He said of the event’s attendance: “This is a testament to our children’s awareness of the importance of preserving the environment. Our city is our home. We are all responsible for its cleanliness and for sustaining its resources.”

This focus on young people is powering Sheikh Hamdan’s vision of the future. One of his first acts as Crown Prince was to found the Hamdan Bin Mohammed e-university in Dubai. He believes that only by improving educational standards and opportunities can the country benefit from what he calls “the index of human capital”.

He created a Centre for Giftedness and Creativity, whose aims include identifying young and talented students, coupled with the provision of quality learning environments. The project is designed to develop leadership skills and encourage young people to disseminate new thinking into the wider society.

In line with global thinking on the fourth industrial revolution, the focus is on a search for talent in the fields of science, maths, technology, languages and leadership. The studying is relentless, with “hot house” programmes for students outside of regular term times.
Another Sheikh Hamdan initiative is the Innovation Incubator; a business development tool which aims to identify and support emerging entrepreneurs. Most tend to be aged 30 and above, he observed; he wants to change that statistic to foster younger achievers.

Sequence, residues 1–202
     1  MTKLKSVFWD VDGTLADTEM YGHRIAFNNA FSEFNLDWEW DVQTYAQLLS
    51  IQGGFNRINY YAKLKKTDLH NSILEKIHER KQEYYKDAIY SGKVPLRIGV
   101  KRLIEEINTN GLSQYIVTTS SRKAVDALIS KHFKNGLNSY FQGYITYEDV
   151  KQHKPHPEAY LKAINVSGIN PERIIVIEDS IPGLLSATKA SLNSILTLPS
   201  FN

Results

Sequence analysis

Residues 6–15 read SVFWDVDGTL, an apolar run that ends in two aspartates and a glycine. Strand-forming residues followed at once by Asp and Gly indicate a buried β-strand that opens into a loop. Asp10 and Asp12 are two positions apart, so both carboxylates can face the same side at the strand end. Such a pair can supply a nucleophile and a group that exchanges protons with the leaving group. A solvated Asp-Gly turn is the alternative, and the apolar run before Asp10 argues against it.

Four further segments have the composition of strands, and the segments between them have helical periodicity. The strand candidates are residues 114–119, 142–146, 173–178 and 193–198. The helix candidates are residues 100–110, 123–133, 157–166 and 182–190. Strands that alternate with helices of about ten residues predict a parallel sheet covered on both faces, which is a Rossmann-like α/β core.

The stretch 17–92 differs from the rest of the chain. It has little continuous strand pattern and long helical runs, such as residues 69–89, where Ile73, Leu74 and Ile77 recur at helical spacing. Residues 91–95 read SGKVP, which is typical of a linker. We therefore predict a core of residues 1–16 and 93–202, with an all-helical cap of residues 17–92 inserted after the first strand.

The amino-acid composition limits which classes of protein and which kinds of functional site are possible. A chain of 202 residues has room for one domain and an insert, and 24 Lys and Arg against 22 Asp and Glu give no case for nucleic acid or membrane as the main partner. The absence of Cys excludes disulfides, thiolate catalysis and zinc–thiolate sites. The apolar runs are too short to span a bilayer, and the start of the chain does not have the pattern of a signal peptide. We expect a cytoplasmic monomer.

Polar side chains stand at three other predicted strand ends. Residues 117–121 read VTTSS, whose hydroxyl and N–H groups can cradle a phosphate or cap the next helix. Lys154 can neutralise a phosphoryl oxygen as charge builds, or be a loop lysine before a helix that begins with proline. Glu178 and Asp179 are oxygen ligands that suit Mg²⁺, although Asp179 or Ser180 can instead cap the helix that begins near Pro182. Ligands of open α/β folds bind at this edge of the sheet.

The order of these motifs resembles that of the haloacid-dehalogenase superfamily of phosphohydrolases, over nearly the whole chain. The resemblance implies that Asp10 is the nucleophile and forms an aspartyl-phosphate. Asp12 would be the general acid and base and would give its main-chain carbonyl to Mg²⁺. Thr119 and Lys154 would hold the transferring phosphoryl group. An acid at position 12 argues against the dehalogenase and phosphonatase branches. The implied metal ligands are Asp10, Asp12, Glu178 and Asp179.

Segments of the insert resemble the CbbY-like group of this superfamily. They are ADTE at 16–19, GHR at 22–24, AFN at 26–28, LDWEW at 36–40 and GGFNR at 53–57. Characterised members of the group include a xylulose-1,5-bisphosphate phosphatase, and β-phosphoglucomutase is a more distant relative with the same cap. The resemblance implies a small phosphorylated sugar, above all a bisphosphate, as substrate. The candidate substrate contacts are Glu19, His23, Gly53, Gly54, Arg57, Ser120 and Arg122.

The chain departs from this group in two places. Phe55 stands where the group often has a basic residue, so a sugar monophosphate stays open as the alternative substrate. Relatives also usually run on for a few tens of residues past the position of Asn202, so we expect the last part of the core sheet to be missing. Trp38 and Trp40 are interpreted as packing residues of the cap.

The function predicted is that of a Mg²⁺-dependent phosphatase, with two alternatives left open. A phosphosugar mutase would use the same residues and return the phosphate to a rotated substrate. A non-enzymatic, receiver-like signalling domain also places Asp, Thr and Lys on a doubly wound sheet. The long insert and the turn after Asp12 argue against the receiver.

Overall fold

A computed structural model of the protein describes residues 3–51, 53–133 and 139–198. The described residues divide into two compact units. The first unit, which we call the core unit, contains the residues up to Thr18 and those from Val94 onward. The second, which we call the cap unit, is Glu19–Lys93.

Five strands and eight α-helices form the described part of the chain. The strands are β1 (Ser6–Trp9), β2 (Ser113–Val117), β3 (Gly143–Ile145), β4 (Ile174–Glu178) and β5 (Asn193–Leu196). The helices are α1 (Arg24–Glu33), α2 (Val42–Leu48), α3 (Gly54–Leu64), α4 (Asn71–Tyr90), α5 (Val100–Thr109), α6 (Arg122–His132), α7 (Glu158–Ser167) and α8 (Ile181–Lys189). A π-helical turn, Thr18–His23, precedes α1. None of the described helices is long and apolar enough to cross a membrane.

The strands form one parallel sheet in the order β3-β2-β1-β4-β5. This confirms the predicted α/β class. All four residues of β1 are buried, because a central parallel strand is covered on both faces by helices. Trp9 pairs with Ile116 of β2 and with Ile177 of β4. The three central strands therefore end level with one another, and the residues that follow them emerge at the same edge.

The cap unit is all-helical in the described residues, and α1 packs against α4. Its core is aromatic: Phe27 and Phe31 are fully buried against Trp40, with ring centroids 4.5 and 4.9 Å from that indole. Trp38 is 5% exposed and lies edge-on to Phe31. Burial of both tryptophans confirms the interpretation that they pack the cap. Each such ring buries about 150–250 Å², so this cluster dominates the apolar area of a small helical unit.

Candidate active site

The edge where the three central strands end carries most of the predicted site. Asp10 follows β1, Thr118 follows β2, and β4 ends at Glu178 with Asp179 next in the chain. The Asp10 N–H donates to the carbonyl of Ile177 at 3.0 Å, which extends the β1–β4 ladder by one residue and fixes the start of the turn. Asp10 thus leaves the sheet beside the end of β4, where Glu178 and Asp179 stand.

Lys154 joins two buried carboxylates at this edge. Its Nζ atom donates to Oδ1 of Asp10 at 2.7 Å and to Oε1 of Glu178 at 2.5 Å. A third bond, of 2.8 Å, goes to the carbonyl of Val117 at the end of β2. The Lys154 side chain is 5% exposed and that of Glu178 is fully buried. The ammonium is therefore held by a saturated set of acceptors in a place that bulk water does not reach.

Dubai has witnessed a rapid growth in start-ups and SME development in the past 10 years. The Innovation Incubator aims to further that, concentrating on services, IT, health, media and design sectors.

It helps that the energetic and adventurous Sheikh Hamdan is seen as a role model among Dubai’s younger generation. Every year he presents prestigious awards to Dubai’s young businesspeople, and wants every tool to be made available to this youthful powerhouse.

At the launch of a major technology competition, the First Global Challenge, held in Dubai in 2019, he said: “We are steadfast in our journey of equipping talent with vital skills and tools and supporting creative minds in developing solutions.”

The event, the equivalent of a hi-tech Olympics, focused on robotics and AI. It attracted competitors from throughout the world to Dubai last October to form the nucleus of the scientific community of the future.

Sheikh Hamdan saw the event in terms of Dubai’s ambition to become one of the world’s leading cities in shaping the future and developing innovation in key sectors.

He is eager to establish an environment where entrepreneurs are given financial support and business advice, mentoring, and a solid network of care. Government cash is available to ensure start-ups are given adequate opportunity to thrive. The Government Procurement Programme (GPP) puts an emphasis on supporting SMEs.